Instead of a wind farm that no one seems to want built near their homes, how about a hot-air balloon farm to generate renewable energy?
New Scientist reports that “Ian Edmonds, an environmental consultant with Solartran in Brisbane, Australia, has designed a giant engine with a balloon as its 'piston'. A greenhouse traps solar energy, providing hot air to fill the balloon. As the balloon rises, it pulls a tether, which turns a generator on the ground. Once the balloon has reached 3 kilometres, air is released through its vent and it loses buoyancy. This means less energy is needed to pull the balloon back down again, resulting in a net power gain.”
For those merely interested in hard numbers, calculations show that “a large 44-metre-diameter recreational balloon could generate 50 kilowatts, enough to supply energy to about 10 homes.”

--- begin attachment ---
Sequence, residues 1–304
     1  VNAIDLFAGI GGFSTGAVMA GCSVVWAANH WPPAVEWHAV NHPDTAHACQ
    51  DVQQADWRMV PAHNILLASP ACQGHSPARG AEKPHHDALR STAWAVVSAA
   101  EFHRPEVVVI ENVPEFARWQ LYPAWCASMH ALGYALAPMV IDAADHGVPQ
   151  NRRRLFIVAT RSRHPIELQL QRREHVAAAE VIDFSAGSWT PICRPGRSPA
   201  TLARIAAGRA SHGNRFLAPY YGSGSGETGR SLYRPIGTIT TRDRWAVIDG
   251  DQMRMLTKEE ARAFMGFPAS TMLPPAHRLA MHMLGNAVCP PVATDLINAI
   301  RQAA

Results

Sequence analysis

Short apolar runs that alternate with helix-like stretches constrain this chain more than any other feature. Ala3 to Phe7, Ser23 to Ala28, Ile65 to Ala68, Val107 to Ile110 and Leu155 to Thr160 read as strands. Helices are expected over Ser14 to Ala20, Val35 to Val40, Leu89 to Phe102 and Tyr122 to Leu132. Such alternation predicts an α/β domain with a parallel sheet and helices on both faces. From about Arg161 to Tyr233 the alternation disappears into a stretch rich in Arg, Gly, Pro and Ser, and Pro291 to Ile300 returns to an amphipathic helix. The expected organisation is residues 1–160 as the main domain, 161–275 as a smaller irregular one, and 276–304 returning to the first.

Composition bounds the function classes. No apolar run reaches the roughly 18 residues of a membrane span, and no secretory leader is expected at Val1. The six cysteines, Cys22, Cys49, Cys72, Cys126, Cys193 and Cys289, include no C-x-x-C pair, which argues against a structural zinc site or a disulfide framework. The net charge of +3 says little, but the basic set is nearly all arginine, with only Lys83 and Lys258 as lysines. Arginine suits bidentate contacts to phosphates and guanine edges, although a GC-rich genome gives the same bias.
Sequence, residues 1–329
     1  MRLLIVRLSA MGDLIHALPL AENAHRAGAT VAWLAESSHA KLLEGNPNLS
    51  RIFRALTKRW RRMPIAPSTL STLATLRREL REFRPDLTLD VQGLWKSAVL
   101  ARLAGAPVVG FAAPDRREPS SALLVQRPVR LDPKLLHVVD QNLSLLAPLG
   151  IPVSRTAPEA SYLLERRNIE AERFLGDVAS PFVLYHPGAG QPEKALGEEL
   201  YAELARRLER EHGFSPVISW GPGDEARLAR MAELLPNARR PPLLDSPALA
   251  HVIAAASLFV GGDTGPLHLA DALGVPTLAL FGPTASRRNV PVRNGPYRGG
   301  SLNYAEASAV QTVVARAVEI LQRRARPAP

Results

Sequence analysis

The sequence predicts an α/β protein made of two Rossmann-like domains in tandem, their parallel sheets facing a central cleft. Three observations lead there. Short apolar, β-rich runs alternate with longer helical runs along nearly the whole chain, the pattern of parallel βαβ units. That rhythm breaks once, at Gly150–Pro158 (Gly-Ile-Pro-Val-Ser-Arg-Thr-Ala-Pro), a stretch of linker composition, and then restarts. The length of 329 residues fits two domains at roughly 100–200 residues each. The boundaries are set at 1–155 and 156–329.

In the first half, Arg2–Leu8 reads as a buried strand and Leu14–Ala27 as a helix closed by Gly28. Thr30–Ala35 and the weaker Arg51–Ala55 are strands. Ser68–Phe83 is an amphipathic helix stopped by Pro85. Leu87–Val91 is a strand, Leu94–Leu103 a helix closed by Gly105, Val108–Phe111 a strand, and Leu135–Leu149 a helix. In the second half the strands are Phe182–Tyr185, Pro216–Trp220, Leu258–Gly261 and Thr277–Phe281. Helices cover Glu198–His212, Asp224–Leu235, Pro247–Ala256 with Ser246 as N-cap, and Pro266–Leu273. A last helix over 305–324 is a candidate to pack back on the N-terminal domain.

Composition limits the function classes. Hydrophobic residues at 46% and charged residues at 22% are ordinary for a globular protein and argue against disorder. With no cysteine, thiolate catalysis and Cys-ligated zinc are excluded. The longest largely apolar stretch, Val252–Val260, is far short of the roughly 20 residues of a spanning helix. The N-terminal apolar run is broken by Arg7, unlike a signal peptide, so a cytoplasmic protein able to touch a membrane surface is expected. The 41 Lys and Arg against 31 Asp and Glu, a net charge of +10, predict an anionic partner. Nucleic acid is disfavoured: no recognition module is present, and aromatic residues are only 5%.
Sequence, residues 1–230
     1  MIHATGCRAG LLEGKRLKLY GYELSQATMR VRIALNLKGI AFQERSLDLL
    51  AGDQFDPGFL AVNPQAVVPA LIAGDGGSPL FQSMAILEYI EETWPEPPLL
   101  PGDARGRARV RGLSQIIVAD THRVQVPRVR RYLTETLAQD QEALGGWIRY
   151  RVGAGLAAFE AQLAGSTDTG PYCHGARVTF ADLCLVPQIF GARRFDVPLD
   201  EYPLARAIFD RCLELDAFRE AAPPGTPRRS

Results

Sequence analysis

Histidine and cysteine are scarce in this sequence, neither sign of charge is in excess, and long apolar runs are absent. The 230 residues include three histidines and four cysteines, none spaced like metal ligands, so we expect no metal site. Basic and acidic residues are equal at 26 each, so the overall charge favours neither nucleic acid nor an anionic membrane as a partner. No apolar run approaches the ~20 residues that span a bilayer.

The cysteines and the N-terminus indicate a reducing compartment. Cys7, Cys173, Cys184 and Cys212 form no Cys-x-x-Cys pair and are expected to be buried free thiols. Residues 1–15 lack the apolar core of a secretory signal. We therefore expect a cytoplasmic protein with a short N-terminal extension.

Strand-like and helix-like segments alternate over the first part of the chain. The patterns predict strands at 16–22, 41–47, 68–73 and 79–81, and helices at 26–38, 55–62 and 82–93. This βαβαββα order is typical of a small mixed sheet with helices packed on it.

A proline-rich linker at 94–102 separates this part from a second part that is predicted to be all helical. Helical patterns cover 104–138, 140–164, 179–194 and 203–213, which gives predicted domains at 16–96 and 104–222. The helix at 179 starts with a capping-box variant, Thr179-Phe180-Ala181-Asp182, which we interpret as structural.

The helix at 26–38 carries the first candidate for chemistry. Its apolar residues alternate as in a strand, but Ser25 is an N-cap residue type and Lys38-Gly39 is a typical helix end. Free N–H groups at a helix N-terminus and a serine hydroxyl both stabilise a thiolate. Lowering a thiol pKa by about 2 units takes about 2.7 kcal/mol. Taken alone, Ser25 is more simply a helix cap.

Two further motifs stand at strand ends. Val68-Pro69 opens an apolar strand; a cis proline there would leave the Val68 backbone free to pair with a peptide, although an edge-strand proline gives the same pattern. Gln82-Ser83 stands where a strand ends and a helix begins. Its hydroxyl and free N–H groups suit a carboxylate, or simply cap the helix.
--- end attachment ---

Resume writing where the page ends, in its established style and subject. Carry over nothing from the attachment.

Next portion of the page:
For us, we want to see some fantastic, unrepentantly beguiling images showing vast tracts of land (or the ocean) planted with boldly colored balloons bobbing up and down, a strange buoyant forest unfurling and retreating during the day, fully resting at night.
Taking cues from Ken Smith and Kathryn Gustafson, urban parks everywhere will have their own aerial installations, generating power for the park itself, if not for the surrounding neighborhood.
Or in the urban periphery of foreclosed suburbs, now bulldozed and eradicated, reformatted as energy fields, electrifying cities and hopefully not tragically impeding bird migrations.